During a press conference on January 29, a spokesperson of the Chinese Ministry of National Defense (MND), announced that China will step up its deployment of a range of warships in the Indian Ocean. IHS Jane’s reports that Senior Colonel Yang Yujun, after being asked a question on PLAN submarine movements in the Indian Ocean, tried to downplay Chinese naval activities in the region, characterizing them as “normal” and emphasizing that “there is no need to read too much into them.”

“[T]he Chinese military has sent various kinds of naval ships to the Gulf of Aden and the waters off the Somali coast to conduct escort missions since 2008. And in the process, we have notified relevant countries of the escort missions of the PLA naval ships, including the PLA naval submarines,” Yang said in his remarks. “In the future, the Chinese military will send different kinds of naval ships to take part in the naval escort missions in accordance with the situation and the requirement to fulfill the task.”

The presence of Chinese submarine forces in the ocean has the other great regional power, India, worried. Indian military officers have stated that the deployment of nuclear subs would cross a redline and trigger a naval arms race.

Destination Beijing: India to Test 'China-Killer' Nuke Missile

January 30, 2015

India is readying the first canister test of its so-called “China killer” long-range ballistic missile.

This week the New Indian Express reported that on Saturday the Defense Research Development Organization (DRDO), India’s top defense technology agency, will conduct the first canister test of its Agni-V at the Integrated Test Range (ITR) on Wheeler Island.

According to the newspaper, over three hundred scientists from various government agencies are currently preparing for the test. The report said that “During the test, Agni-V will be fired from a sealed canister mounted on a launcher truck. With a dummy payload, the missile will be pushed out of the canister by a gas generator after which the actual stage separations will occur as per the coordination.”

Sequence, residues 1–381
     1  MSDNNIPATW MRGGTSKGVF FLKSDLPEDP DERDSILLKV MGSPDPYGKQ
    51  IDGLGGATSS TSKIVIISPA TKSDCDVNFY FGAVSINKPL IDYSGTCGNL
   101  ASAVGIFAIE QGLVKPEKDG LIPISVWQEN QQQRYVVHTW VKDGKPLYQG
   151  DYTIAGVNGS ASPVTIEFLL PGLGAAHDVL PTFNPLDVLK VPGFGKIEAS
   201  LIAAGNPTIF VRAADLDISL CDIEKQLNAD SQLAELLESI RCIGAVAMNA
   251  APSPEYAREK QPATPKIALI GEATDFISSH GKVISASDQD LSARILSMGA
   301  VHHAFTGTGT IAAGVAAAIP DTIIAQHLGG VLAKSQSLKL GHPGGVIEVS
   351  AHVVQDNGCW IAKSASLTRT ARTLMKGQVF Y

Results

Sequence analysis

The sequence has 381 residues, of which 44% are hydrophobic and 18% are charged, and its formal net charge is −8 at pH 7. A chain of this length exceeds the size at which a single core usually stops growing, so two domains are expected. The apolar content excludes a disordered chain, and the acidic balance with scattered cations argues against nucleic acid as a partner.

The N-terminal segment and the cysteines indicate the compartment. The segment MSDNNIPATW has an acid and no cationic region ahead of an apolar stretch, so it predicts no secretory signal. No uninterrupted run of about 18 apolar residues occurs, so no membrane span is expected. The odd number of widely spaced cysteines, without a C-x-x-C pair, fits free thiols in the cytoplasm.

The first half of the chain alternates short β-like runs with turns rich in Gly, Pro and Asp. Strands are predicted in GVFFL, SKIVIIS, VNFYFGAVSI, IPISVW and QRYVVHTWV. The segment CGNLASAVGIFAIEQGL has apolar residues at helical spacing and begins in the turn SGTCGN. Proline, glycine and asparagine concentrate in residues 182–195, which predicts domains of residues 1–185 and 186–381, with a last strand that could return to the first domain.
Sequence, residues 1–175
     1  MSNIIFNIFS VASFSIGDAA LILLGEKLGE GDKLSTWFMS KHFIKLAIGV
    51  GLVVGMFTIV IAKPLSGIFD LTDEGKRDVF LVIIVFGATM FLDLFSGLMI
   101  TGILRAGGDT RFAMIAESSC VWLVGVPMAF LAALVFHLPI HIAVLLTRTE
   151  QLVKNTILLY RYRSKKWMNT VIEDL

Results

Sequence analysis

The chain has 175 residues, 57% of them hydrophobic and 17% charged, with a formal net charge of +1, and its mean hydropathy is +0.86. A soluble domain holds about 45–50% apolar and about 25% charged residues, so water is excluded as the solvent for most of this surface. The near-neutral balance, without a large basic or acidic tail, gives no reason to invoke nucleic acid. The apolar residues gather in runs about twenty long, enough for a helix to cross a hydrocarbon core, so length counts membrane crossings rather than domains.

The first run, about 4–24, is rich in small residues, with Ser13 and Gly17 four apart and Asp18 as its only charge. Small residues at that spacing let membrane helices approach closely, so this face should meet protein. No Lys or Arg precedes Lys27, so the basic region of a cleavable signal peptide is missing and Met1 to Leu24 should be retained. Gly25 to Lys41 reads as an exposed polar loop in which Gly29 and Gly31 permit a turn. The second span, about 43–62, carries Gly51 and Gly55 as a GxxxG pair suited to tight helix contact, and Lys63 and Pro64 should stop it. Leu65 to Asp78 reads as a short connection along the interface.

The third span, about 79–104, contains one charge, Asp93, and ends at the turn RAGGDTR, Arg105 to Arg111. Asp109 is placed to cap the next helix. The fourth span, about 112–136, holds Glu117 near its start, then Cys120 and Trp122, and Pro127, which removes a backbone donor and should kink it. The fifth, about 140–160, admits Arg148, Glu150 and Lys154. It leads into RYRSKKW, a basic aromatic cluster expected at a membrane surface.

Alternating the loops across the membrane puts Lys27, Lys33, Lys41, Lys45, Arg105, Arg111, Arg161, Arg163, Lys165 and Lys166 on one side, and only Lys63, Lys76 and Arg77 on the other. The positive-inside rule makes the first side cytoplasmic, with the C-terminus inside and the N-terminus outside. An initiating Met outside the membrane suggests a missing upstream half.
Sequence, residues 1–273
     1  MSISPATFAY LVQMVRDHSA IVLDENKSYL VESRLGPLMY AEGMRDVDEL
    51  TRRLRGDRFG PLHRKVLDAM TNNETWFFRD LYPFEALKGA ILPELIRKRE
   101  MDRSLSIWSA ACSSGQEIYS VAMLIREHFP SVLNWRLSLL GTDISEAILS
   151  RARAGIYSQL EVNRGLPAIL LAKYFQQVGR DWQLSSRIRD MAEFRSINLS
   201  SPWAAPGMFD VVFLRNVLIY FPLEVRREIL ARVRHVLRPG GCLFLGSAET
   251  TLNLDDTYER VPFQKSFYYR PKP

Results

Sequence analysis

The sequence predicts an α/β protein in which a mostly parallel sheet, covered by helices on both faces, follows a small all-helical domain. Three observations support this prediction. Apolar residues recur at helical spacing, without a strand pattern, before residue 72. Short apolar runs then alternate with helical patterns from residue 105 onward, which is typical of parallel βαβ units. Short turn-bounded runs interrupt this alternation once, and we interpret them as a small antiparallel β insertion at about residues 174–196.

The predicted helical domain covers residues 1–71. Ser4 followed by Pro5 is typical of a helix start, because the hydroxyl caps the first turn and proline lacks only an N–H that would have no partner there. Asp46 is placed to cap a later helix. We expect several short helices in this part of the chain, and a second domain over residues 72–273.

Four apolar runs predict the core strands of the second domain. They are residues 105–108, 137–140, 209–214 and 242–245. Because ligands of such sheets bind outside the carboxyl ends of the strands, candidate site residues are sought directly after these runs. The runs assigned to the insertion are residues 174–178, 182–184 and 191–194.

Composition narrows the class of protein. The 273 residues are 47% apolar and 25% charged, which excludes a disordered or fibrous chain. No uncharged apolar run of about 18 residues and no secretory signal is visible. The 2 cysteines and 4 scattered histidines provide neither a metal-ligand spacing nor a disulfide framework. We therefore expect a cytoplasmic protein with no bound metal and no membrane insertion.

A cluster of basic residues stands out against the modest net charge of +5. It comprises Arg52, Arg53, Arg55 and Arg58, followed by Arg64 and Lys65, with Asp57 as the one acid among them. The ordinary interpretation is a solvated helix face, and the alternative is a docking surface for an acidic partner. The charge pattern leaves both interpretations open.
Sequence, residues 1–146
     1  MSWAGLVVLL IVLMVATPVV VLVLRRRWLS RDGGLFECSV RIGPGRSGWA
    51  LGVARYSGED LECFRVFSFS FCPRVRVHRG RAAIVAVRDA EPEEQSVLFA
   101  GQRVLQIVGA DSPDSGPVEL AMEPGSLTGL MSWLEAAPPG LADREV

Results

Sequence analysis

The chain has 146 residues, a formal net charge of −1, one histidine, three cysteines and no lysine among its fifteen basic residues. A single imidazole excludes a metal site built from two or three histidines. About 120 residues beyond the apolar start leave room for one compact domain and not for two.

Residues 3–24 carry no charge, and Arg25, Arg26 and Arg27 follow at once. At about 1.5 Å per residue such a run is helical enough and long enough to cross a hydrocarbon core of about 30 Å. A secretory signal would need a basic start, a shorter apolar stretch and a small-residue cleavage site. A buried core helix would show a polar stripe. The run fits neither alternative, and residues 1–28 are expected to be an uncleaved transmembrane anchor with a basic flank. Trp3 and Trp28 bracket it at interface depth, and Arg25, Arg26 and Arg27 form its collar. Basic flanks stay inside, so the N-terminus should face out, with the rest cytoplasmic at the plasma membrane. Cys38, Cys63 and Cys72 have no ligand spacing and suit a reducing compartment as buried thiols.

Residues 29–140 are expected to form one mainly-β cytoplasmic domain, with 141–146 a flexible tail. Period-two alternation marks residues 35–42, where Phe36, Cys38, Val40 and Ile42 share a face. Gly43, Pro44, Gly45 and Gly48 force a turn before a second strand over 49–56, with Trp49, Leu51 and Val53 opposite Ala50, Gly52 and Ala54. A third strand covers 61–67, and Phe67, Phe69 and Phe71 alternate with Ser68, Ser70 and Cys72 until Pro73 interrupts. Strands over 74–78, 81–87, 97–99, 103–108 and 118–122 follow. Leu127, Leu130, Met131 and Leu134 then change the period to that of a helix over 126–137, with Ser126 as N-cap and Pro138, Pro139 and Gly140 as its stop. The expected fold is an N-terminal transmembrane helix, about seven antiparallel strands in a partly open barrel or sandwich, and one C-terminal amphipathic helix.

The test has been postponed twice since December owing to President Obama’s India trip and a scheduling conflict with Prime Minister Modi, who had expressed interest in watching the test in person. It’s unclear if Modi will attend the test on Saturday, however, the test is expected to proceed as scheduled in honor of outgoing DRDO chief Avinash Chander, who is widely regarded as the architect of the Agni missile class. Chander was fired earlier this month over scandals regarding Indian defense contracts.

Are Israel and Hezbollah About to Go to War?

Paul R. Pillar
January 30, 2015

An exchange of lethal attacks during the past fortnight between Israel and Hezbollah has raised the risk that escalation of fighting between these old antagonists might be added to the intractable mess that Syria already is. Israel and Hezbollah have a long history of tit-for-tat reprisals, with the most conspicuous examples involving Hezbollah titting in response to Israeli tatting. The two major car bomb attacks by Hezbollah in Buenos Aires in the early 1990s, for example, were each a direct response to deadly actions that Israel had taken back in the Middle East a month or six weeks earlier. The bombing of the Israeli embassy in 1992 followed an Israeli airstrike that killed Hezbollah leader Abbas Moussawi and his five-year-old son. The attack in 1994 on a Jewish community center—recently back in the news as the Argentine government tries to dance around the mysterious death of a prosecutor who had been investigating how the original investigation of the attack had been handled—was a response to two Israeli actions in rapid succession. One was Israel's kidnapping of Mustafa Ali Dirani, leader of the Hezbollah-associated Amal movement. The other—possibly facilitated by information the Israelis extracted from Dirani—was an aerial attack on a Hezbollah facility that killed dozens of the group's members.